The author, and some others believe that it was one band of people from Central Asia that separated into two branches. One settled on the river Indus, and the other on the river Oxus (now the Amu Darya). The custom of shaking hands, apparently can be traced to Zoroastrian culture, as it was not originally Christian, and definitely not Islamic. It is also shown in some Iranian sculptures. Zoroastrianism also strongly influenced ancient Egypt, a fact unknown to most of the world. This is probably because history is written by the winners of the last war. One fact that comes out glaringly in this book is how present day history is dominated by Roman/Greek history, and is strongly one-sided. The Zoroastrian empire at its height, stretched from Egypt to the Indus (Kushan) and from Rome to the Gulf. It was, by all accounts, the greatest civilization of the ancient world. It was the first time in recorded history that the rulers were 'civilsed' in the true sense, being tolerant, open-minded, and just. Many other religions were allowed and encouraged to flourish within the empire too. For instance, Cyrus gave the persecuted Jews a home, and let them flourish. Yet, all this never gets mentioned in history. The world started and ended with the Roman Empire. And films like 300 don't do anything to help this. Now I understood where the two-winged symbol so common in ancient Egypt came from.
The beginning of the book is a bit tedious, but later chapters are engrossing and deeply moving (for a Parsi reader). He explores Iran, and visits sites of the great civilization. There are still Zoroastrians living in Iran, and practicing the faith. He visits the ancient sites of Cyrus and Darius, analyses and links Iranian art and sculpture to other times, cultures and places. Even in ancient days, it is astonishing to know the amount of cross-cultural exchange that happened. Finally, someone enlightened me about the beginnings and significance of the festival of Noruz, still celebrated worldwide. In spite of centuries of Islamic rule, Noruz (Navroze) is celebrated in a very Zoroastrian way in Iran, as it has been since the beginning. Infact, Muslims in Iran are extremely proud of their pre-Islamic heritage, though they might not be very well-informed about it.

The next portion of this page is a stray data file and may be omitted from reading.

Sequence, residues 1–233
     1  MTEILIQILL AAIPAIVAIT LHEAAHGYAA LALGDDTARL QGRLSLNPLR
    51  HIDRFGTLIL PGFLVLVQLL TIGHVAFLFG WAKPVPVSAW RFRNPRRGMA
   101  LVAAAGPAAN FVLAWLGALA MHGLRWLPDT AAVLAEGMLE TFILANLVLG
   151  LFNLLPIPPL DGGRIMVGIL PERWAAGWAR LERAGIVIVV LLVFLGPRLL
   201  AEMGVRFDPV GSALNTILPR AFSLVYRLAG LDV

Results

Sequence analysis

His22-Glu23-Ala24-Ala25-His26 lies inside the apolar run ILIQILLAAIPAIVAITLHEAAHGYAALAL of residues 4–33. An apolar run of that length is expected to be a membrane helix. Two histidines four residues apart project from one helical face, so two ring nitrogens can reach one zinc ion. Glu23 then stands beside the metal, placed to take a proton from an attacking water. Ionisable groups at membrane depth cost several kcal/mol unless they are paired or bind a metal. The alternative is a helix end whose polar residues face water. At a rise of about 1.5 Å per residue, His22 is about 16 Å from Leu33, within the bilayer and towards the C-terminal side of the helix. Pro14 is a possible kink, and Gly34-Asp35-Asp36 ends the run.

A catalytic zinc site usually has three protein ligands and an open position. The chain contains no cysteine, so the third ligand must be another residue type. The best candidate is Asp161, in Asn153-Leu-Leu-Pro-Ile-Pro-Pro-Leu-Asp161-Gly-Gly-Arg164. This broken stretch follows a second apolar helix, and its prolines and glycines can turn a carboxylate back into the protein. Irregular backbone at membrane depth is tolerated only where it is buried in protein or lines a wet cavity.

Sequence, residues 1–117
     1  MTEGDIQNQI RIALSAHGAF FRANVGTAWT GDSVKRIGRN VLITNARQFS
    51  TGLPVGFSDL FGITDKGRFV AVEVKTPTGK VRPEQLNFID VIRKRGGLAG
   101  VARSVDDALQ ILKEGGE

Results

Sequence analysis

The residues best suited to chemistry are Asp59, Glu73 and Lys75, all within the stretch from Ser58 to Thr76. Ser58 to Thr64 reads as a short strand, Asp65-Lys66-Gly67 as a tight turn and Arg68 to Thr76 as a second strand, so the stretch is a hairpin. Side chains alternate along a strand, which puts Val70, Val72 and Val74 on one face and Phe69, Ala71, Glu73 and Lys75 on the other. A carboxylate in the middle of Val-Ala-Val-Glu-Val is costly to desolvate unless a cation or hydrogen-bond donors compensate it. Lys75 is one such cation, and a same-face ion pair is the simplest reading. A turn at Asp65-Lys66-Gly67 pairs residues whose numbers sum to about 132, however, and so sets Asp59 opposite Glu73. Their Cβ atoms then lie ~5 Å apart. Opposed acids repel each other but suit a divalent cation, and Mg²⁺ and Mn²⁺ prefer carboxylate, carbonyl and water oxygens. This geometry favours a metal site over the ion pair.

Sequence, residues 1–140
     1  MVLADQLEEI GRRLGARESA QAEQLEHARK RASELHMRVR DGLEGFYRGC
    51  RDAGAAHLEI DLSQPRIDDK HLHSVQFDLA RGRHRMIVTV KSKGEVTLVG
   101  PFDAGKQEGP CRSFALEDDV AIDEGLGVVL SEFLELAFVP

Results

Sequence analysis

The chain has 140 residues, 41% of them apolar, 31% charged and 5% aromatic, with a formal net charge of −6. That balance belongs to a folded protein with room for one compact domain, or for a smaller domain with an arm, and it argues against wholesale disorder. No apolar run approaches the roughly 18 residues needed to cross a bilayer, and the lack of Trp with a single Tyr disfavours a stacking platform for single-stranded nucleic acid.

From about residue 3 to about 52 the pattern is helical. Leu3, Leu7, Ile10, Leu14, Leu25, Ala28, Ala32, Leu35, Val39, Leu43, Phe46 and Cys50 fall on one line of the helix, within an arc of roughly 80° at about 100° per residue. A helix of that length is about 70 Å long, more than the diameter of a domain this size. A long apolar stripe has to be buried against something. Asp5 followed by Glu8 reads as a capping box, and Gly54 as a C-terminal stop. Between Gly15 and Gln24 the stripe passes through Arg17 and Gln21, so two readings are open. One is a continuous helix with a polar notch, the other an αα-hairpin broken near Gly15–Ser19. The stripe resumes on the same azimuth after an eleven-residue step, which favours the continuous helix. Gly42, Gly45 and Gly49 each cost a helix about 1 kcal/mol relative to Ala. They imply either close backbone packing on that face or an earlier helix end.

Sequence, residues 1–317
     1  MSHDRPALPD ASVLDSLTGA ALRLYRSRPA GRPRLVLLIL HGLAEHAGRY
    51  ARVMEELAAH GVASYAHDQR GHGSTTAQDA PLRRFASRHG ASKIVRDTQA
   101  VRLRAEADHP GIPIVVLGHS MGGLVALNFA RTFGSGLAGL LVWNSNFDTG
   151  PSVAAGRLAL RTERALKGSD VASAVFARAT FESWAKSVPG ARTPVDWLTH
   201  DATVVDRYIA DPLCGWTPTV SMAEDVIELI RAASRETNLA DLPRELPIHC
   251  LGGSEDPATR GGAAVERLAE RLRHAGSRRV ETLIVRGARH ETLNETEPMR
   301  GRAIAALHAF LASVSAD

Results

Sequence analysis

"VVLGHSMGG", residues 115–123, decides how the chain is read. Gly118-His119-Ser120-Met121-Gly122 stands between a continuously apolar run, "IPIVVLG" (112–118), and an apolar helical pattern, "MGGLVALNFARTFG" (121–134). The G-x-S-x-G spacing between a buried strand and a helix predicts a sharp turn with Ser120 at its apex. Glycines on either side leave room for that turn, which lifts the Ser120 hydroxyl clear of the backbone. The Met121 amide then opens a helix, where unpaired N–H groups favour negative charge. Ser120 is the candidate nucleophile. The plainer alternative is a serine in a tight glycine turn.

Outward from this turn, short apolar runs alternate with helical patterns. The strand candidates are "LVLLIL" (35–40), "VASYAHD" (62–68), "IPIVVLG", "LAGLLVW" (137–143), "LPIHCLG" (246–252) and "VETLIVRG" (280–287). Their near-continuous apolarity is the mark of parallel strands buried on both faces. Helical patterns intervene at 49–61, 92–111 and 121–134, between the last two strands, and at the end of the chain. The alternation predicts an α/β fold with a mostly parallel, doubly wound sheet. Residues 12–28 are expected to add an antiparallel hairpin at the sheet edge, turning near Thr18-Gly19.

The author ponders on the beginnings of Zoroastrianism, which was in the Bronze Age. We can imagine what people were like in medieval times, but its hard to imagine life in that era. What was life like then? Did the same things move people? And what was the prophet Zarathushtra himself like? These are questions that will always remain unanswered. However his teachings, thoughts and philosophies are relevant even today. Externally life changes, but internally humans remain the same, and the same issues of ethics, morals, and meaning of life plague us since the beginning of time. The author set out to find this ancient and all-but-lost culture and religion. He was looking for signs, symbols, places and events, but in the end, he is led to Zarathustra's core teachings. That is the thread that lives on inside people, that is the thread that connects us to people of the Bronze Age, and connects us to Zarathustra himself.